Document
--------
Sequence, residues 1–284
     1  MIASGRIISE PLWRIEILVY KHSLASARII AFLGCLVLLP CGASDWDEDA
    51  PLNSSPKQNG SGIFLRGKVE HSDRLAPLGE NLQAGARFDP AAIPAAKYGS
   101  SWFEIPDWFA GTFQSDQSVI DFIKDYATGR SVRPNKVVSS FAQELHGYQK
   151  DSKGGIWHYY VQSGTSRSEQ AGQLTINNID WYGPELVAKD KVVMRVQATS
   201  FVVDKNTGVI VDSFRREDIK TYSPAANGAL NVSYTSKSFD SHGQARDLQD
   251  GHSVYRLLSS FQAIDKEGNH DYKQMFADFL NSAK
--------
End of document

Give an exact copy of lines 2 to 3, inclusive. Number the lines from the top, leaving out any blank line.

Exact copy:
     1  MIASGRIISE PLWRIEILVY KHSLASARII AFLGCLVLLP CGASDWDEDA
    51  PLNSSPKQNG SGIFLRGKVE HSDRLAPLGE NLQAGARFDP AAIPAAKYGS